Is There Room for Digital at the Fine Arts Table?
Digital art is fairly new; it really didn’t take hold until the 2000s. During this time, Gicleé prints and other convenient new methods of distribution have disrupted the art scene. There are still some critics who believe the term “fine art” is thrown around too loosely, especially concerning photography and digital design. Others (Wikipedia, for one), say that the restrictions and distinctions that traditionally distinguish fine art from decorative arts and crafts, are practically meaningless in the contemporary art world. Let’s attempt to scratch the surface of this debate and figure out whether digital art, in fact, has a rightful place at the fine art table.
What Does Fine Art Really Mean?
The definition implies that fine art is visual artwork that is not commercial / commissioned. So, even cathedral paintings done by the great medieval artists would not fall into this exclusive category — they were created with input from outside sources (religious leaders who organized the projects). With fine art, you are responsible for the idea and creation of fine art works. If the idea comes from an outside source, such as a company or client, this is not considered fine art.
The most viewed writer in the Fine Art category on Quora, Owen Caterwall, says that fine art is a “conceit,” implying that artists are the “sole agent of creative invention.” So, it would seem that the medium is not the deciding factor, and that digital art can easily be labeled “fine.”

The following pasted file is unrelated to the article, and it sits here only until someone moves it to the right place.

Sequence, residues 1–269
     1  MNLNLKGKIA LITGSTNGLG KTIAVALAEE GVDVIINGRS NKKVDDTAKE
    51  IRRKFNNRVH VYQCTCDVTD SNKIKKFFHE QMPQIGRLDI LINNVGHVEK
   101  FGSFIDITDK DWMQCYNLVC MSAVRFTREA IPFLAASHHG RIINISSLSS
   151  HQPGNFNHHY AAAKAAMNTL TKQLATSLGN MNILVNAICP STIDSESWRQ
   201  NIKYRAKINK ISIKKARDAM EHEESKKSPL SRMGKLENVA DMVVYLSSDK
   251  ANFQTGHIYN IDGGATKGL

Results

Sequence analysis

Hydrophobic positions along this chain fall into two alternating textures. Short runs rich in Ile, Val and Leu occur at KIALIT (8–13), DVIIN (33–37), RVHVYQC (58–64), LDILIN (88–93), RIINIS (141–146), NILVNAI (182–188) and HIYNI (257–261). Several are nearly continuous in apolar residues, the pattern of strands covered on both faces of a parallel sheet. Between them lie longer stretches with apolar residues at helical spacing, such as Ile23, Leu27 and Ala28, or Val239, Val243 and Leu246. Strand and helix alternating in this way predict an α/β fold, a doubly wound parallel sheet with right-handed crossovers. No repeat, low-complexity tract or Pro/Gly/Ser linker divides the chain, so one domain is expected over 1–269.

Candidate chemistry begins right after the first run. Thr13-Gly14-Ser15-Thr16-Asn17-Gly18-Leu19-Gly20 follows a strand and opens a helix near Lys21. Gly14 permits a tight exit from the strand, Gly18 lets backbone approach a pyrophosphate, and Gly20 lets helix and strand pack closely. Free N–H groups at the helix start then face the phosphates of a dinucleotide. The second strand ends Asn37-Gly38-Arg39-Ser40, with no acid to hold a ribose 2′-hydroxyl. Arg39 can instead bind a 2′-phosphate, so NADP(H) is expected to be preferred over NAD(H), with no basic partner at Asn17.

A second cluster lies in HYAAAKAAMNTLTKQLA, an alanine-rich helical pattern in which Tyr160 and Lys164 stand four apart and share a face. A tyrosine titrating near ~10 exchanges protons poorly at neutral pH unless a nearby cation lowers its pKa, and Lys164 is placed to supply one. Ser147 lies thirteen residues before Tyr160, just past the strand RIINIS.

But, Why Do Some People Argue Against Digital Being Fine Art?
What is it that makes people say this?:
Digital art is not fine art, even if it’s been printed onto a canvas.
— Stephen (@stphnwlkr) October 18, 2011
To someone who has never spent hours painting in photoshop or months shooting and editing a photo series for a showcase, digital may seem like it’s “cheating.” Airbrushing photographs of models is commonly said to give young people body image issues, skewing their perception of beauty. Digital film effects are often referred to as “fake.” So, it’s really just a matter of preconceived ideas and beliefs that lead people to think digital isn’t fine art. There’s nothing definitive, however, that makes this true.
What is Digital Fine Art and What is Not?
Only some digital design is fine. As stated above, the intention of the artist is what makes the distinction.
These two images, though similar in composition, are on opposite ends of the fine art spectrum. The art in the Dr. Marten’s advertisement is high quality, but it’s commercial — instantly disqualified. “The White Beauty Angel” was created from pure inspiration, which makes it completely eligible for a seat at the fine art table.
Digital has definitely earned its place at the fine art table. So, it can now sit comfortably with the other creative visual media created solely for imaginative, aesthetic, or intellectual content. Subscribe to our mailing list for more articles that explore digital design, photography, and more.